From biryani to poha, food items have suddenly become part of the political discourse. Uttar Pradesh Chief Minister Yogi Adityanath recently accused his Delhi counterpart (and the AAP) of supplying biryani to the anti-Citizenship Amendment Act protesters in Delhi's Shaheen Bagh.
"Why a Pakistani minister is making statements in support of Arvind Kejriwal? Because he knows that only Kejriwal can feed biryani to protesters in Shaheen Bagh," the UP CM was quoted as saying by ANI.
Now, this statement could have worked well in a metaphorical sense, but the party couldn't leave it well enough alone. Soon, BJP's Amit Malviya was tweeting proof of biryani being served at the protest site.
The evidence, in case you were curious, consisted of two photos of solitary individuals eating from small foil cartons.
But this did get us thinking. And we decided to take a look back at how the humble biriyani has evolved from a food of convenience in Mughal times to a defining symbol in Indian politics.
One of the first times the food item found itself part of the general news discourse was when Mumbai terror attack convict Ajmal Kasab allegedly demanded mutton biryani. The detail had come from Ujjwal Nikam, the public prosecutor in the case, who later admitted that he had made up that little gem. Kasab "never demanded biryani", he later revealed.
"I concocted it just to break an emotional atmosphere which was taking shape in favour of Kasab during the trial," he was quoted as saying.
And while one can commend Nikam's understanding of how the media or public sentiment might work, it is impossible to ignore the fact that a man duty-bound to uphold the Indian Constitution vilified Kasab further by deliberately spreading misinformation.
This incident also served to put the biryani on the map, so to speak. It was now in the minds of politicians as a potential topic with which to target opponents and critics. To be fair though, it is not just politicians who now take umbrage over the food item. In December 2019 for example, an Uttar Pradesh man was beaten up by three others for selling biryani, allegedly over his caste.
Coming back to politics however, let us take a look at a few other events:
In 2013, Narendra Modi, then the BJP's Prime Ministerial candidate, had lashed out at then PM Manmohan Singh and the UPA and accused the government of sharing "chicken biryani" with the Pakistani Prime Minister, even as Indian jawans died at the border.
"What is the reason that Pak soldiers kill our jawans on the border and the govt in Delhi cites protocol to feed the Pak PM biryani," Modi was quoted as saying by reports.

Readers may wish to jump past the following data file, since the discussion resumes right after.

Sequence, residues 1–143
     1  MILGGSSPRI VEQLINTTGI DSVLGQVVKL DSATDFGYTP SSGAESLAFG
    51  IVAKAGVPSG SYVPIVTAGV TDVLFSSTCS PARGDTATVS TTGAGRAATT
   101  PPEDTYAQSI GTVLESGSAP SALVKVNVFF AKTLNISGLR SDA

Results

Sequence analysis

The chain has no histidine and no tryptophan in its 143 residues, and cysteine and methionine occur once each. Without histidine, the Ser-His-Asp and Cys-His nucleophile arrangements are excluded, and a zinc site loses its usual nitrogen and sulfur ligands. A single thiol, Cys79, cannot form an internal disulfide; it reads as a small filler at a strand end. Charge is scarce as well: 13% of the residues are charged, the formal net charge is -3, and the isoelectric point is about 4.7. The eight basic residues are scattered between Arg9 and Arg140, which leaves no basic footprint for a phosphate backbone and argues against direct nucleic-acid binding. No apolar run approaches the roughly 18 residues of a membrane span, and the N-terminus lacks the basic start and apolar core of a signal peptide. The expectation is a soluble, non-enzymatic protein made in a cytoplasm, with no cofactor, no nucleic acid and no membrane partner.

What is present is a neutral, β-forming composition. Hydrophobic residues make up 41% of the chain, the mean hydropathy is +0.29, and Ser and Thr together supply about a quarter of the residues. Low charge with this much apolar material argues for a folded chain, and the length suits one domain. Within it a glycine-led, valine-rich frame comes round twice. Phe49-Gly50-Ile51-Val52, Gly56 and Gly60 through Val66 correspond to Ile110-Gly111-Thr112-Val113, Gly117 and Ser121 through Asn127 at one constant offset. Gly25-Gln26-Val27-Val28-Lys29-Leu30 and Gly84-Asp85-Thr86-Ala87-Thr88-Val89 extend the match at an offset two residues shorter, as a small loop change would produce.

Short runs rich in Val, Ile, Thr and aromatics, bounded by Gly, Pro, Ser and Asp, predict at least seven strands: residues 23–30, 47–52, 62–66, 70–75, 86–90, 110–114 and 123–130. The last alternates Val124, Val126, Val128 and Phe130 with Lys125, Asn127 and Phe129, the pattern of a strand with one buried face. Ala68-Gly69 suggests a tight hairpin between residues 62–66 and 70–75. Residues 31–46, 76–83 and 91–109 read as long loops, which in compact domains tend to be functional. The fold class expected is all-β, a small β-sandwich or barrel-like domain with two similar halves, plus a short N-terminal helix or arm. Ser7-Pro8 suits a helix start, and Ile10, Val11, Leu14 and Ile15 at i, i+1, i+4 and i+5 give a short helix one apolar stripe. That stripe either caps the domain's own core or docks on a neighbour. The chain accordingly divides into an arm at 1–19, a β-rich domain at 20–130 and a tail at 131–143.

But this comment, in a way came full circle, after Priyanka Gandhi said that the Prime Minister had lost touch with the ground, and also managed to mention eating "biryani in Pakistan".
Speaking to India Today TV in 2019, she said, "Your policies have no connect with the ground. Your feet don't remain on Indian soil. You went to America and Japan. You played the drum in Japan, ate biryani in Pakistan. You are flying."
In another recent incident, in 2018, AIMIM president Asaduddin Owaisi locked horns with then BJP chief Amit Shah, this time over beef biryani.
Shah sparked this particular debate by stating that K Chandrasekhar Rao had been sending biryani to Owaisi.
The latter hit back saying that he hadn't been aware that Shah was fond of biryani.
"If he is jealous that Owaisi was fed biryani and not him, then we will send him Kalyani biryani. We can send him a parcel. If someone else is eating why is your stomach aching? You can eat too,” he was quoted as saying.
Now, it is not a far stretch to opine that the carnivorous nature of the food item definitely plays a role, when it comes to its politicisation. Take a mid-2019 dinner hosted by Amit Shah for example. Amongst a host of other items, veg biryani (which does not always manage to distinguish itself from its close cousin, the pulao) featured prominently.
Of course the biryani battle is not just political.
Swiggy's most ordered dish for three years in a row, the dish also varies from region to region.
From Awadhi biryani to the Hyderabadi variety to the Kolkata Biryani and more -- it would seem that almost every part of the country has a take on the dish. And naturally, most would argue that their variant is the best.
One simply has to take a look at this recent thread to understand what we're talking about.
We'll leave you with a bit of trivia about one of these varieties:
Bengal's take on the biryani did not begin with potatoes in the dish. Reportedly, the exiled Nawab Wajid Ali Shah of Awadh found himself in Kolkata after being dethroned by the British. And while he did have a large entourage to cater to his whims, his resources were slim. The addition of potatoes and the mild spices were a result of frugality, as his chefs attempted to add 'meat' to the dish.